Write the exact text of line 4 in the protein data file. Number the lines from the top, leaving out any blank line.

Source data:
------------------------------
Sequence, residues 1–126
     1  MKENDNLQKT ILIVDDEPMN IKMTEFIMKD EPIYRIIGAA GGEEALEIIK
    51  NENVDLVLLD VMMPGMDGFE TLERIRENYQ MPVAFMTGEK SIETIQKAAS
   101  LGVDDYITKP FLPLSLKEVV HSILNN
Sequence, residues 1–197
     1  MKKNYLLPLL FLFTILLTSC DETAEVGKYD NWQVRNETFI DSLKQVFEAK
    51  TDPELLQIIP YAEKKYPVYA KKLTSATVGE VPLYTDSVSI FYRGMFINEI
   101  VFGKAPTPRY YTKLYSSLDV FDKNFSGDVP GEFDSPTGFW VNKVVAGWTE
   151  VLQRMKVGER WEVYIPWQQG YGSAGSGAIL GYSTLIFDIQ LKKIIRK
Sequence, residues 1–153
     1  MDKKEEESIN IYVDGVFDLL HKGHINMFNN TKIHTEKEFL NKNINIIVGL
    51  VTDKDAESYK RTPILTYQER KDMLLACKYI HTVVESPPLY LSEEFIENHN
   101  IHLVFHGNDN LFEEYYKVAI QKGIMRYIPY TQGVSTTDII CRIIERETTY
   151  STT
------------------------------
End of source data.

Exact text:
   101  LGVDDYITKP FLPLSLKEVV HSILNN